One can tell a great deal from a garrison barracks building, particularly in the case of the squat hunks of red-brick at Tidworth in the Army’s spiritual heart-land of the Salisbury Plain, where memories of ‘old sweats’ were seared in a rite-of-passage by the Russian menace – not the spectre of T-55’s or 72’s advancing en masse but Siberian winds whipping across the Plain like demented sjamboks as an exercise ambled along with bodies frozen from head to feet.
Tidworth HQ began life just after the Second Boer War (1899-1902) had finished but as statements go, the red-brick barracks’ are pretty emphatic; Assaye, Bhurtpore, Candahar, Delhi, Lucknow, Mooltan and Jellallabad are enscribed in large letters across the porticoed frontage of each Officers’ Mess that were built like some Anglicised miniature Red Fort harking back to the high pomp of late-Victorian empire and militarism.
Until a few years ago Tidworth and each of its siblings such as Larkhill and Bulford were invisibly separated from the world around, the dominant colour being ‘garrison-green’ of mussed guacamole and khaki: apart from the residential quarters and the NAAFI shop, a betting-shop, hairdresser, post-office/newsagent, a few other bib’s and bob’s and a couple of churches, the rest of the space was mostly mown open green-land and verges, with ‘garrison-green’ Land-Rovers and ‘squaddies’ in the fore-ground – this was a military garrison, no more no less.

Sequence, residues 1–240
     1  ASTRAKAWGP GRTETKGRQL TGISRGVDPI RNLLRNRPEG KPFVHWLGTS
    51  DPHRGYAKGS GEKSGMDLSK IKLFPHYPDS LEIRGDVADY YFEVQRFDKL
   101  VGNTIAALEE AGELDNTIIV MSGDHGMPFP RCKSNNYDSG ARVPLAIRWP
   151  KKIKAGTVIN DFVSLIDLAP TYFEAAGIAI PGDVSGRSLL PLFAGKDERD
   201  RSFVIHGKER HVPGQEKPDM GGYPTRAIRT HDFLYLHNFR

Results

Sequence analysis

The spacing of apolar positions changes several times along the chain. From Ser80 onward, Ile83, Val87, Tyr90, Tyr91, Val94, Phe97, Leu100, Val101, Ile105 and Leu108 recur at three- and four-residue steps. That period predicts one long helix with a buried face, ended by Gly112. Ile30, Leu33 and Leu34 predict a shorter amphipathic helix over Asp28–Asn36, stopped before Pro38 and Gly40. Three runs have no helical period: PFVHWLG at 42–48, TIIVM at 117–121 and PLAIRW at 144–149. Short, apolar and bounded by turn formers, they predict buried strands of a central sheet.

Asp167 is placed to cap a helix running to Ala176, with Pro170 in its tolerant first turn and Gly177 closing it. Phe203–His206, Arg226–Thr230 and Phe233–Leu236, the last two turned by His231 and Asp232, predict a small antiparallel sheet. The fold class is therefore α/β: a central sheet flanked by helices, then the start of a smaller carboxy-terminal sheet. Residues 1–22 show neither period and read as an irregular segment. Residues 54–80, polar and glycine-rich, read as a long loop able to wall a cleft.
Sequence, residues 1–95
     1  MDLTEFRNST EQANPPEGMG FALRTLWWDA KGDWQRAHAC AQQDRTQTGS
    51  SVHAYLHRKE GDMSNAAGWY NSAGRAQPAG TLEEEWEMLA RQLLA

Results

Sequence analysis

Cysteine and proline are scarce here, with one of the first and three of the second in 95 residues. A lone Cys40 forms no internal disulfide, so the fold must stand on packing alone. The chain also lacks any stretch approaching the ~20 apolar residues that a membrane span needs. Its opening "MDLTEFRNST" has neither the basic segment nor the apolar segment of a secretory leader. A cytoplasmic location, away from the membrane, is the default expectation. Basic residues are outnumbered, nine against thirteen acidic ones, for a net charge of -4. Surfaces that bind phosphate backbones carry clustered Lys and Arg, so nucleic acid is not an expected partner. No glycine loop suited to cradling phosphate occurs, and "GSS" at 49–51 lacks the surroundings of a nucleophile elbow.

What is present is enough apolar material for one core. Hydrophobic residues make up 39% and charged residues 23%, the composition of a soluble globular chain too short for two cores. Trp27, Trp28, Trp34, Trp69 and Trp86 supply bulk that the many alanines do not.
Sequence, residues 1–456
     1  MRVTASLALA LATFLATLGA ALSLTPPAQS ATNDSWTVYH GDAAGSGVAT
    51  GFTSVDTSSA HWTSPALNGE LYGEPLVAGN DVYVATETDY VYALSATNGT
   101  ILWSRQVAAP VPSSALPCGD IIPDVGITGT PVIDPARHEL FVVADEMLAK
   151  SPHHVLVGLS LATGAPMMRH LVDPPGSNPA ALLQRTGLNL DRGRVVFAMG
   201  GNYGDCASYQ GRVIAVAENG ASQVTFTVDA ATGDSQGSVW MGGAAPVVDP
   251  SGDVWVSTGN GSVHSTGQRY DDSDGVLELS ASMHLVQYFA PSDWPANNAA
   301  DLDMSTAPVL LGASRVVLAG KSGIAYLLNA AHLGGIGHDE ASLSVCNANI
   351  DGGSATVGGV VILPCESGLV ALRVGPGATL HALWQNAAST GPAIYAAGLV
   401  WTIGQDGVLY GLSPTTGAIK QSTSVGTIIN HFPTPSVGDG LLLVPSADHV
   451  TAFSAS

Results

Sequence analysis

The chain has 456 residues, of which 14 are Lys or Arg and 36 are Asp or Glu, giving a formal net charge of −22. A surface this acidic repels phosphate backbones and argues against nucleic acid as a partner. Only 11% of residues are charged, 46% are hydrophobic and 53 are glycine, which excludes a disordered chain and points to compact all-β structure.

Today Tidworth, and to a lesser extent Larkhill and Bulford, have been both in-filled and out-filled; Tidworth’s ‘Red Forts’ are not only cocooned by perimeter-fencing but have been swallowed up by the surrounding housing expansion jostling with urban mainstays like Tesco and Lidl supermarkets, a Subway as well as the Tidworth Kebab and Pizza take-away, a nail-bar and hair-dressers along with Garrison Guitars and the Gurkha Variety Store, plus traffic snarls and whatever else that has overtaken and overgrown the garrison roots. Tidworth looks and feels urbanised, ‘civilianised’, almost de-militarised – the Army is not what it used to be and even the winds on Salisbury Plain are not so perishing (thanks to global warming).
Indeed, given that there are no major wars at present and the future war is turning more and more to AI and cyber, the lines between civilian and Army life are being blurred by the process of ‘civilian-isation’.
While the whole idea of military-civic relations is both multi-faceted and blurred clearly there is a difference between the military-civil operational interface and the ‘civilian-isation’ of the military which involves the osmotic penetration of quotodian, non-military culture and ethics into the military’s bloodstream: this not only includes anything from social media, on-line shopping to Netflix but also contemporary mores like gender relations and even wider culture and attitudes, all gathered together in the ‘herd community’. Here, climate-change, the destruction of biodiversity and demand for sustainability are high priorities for an increasing number of people of all ages within the ‘herd community’.